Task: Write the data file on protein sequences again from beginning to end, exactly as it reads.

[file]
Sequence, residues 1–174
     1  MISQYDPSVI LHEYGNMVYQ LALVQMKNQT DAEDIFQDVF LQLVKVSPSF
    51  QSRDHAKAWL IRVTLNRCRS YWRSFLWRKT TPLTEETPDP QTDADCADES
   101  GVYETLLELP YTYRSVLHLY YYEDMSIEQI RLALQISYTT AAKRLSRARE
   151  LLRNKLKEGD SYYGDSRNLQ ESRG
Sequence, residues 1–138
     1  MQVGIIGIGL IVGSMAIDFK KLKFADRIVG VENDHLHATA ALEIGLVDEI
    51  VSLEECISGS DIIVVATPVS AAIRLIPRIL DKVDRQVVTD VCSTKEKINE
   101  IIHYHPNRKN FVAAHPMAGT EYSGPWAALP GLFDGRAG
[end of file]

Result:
Sequence, residues 1–174
     1  MISQYDPSVI LHEYGNMVYQ LALVQMKNQT DAEDIFQDVF LQLVKVSPSF
    51  QSRDHAKAWL IRVTLNRCRS YWRSFLWRKT TPLTEETPDP QTDADCADES
   101  GVYETLLELP YTYRSVLHLY YYEDMSIEQI RLALQISYTT AAKRLSRARE
   151  LLRNKLKEGD SYYGDSRNLQ ESRG
Sequence, residues 1–138
     1  MQVGIIGIGL IVGSMAIDFK KLKFADRIVG VENDHLHATA ALEIGLVDEI
    51  VSLEECISGS DIIVVATPVS AAIRLIPRIL DKVDRQVVTD VCSTKEKINE
   101  IIHYHPNRKN FVAAHPMAGT EYSGPWAALP GLFDGRAG